A couple of weeks back, I put out a call for ideas for a possible OLLI course.
For those who need a recap, the mission of the Osher Lifelong Learning Institute (OLLI) is to provide intellectually stimulating lifelong learning opportunities geared toward people age 50 and up. OLLI is affiliated with the California State University at Channel Islands.
So, I’ve been bouncing around some ideas inside my skull, and I think I’ve hit upon one good enough to let out. Let me know what you think…
The title of the course would be:
The Taming of the Bard
(approaching Shakespeare from different angles
for fun and learning)
Over the course of the eight weekly two-hour-long sessions, we’ll be diving deep into Shakespeare’s classic (but problematic) comedy, The Taming of the Shrew. During each of the first six sessions, the focus will be on one of the major scenes of the play, each one approached from a different angle (including drama games [like “the Shakespearean statue garden”], cue scripts, scansion [the rhythm of the verse], and the use of rhetoric).
These sessions will begin with an introduction to the scene (with a quick discussion of optional reading any of the students may have done), followed by a warm-up activity (previewing how we’ll be approaching the scene), and then the interactive workshop to learn about the scene. After a break, we’ll break the scene down and watch how different productions (both film and television versions, as well as captured stage performances) have approached the scene. We’ll close each session with a summarizing discussion and review of what we’ve learned, plus a preview for the next class (with a suggested scene to read). In the final two sessions, we’ll choose one of the video versions for an in-depth viewing of the entire play, broken up by discussions.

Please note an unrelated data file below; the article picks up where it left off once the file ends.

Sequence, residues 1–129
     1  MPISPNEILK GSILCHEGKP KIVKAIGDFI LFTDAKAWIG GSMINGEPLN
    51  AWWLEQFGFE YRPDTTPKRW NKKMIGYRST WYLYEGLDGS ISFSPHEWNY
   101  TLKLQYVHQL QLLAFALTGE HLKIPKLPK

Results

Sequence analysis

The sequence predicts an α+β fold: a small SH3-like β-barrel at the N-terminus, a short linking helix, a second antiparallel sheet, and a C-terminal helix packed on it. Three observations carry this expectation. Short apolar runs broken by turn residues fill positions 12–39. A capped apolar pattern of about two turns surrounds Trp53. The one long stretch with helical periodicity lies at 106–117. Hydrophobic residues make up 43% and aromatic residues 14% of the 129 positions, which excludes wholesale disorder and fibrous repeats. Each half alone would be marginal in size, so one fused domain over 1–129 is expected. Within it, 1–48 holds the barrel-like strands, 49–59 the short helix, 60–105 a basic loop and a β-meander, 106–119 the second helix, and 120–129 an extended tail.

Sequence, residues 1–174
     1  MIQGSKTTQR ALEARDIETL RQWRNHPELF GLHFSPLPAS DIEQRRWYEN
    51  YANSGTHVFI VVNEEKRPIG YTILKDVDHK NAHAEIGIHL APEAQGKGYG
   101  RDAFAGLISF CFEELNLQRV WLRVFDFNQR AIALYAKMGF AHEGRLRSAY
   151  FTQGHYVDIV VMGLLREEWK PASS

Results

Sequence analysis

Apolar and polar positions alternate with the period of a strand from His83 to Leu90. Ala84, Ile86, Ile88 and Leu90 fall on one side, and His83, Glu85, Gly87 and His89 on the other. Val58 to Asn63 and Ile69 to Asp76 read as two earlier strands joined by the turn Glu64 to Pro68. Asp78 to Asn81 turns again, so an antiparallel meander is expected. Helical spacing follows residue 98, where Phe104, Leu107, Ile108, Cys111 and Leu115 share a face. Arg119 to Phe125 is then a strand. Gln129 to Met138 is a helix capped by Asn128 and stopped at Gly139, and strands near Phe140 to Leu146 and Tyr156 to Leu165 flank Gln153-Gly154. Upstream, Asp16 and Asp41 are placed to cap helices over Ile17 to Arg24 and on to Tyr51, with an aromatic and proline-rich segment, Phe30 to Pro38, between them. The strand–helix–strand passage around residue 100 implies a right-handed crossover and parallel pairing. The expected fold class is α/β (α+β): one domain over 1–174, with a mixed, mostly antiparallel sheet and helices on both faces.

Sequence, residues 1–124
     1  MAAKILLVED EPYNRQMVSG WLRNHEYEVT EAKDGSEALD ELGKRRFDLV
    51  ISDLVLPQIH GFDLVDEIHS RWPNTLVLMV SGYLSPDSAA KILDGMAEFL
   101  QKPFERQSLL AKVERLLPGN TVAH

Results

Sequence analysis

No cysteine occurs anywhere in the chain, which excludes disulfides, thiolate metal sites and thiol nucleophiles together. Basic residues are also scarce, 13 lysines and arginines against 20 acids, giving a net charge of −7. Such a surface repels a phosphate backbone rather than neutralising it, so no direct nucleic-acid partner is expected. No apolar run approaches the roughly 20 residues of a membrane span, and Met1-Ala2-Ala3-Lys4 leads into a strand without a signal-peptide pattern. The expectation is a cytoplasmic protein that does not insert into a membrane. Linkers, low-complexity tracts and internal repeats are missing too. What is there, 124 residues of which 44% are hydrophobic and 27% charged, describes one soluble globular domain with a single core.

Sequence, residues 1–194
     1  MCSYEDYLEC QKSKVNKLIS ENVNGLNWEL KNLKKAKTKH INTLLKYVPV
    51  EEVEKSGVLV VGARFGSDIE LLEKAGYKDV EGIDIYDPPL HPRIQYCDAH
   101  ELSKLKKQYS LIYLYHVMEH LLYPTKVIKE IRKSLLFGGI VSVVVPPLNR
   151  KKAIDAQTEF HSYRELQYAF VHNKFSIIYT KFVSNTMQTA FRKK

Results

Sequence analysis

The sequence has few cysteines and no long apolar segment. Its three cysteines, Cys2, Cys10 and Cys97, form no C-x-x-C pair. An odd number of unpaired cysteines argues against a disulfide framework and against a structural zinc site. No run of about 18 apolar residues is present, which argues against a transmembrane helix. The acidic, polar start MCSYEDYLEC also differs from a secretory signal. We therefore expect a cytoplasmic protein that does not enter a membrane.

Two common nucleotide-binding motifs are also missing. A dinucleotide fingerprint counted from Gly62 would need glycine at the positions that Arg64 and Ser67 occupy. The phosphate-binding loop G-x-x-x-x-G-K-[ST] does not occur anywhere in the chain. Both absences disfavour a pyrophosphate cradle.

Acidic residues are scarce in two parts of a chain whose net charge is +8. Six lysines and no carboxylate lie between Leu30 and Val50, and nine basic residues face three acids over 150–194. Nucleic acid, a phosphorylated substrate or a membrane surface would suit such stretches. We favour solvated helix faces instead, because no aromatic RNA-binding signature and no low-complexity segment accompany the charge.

Scenes discussed will include
- the expository set-up of daughters and suitors,
- the meeting of Kate and Petruchio,
- Kate’s final speech,
- and three other scenes.
Video versions will be
- the 1967 Zefferelli film with Elizabeth Taylor and Richard Burton,
- the 1976 capture of the ACT production with Marc Singer and Fredi Olster,
- the 1980 BBC Complete Works version directed by Jonathan Miller and starring John Cleese and Sarah Badel,
- and the 2012 capture of the Shakespeare’s Globe production with Samantha Spiro and Simon Paisley Day.
So… what do you think? If you were a 50-(plus)-something, would this interest you? How might I improve the concept (or at least the sales pitch). Comment in the thread below…
And thanks in advance!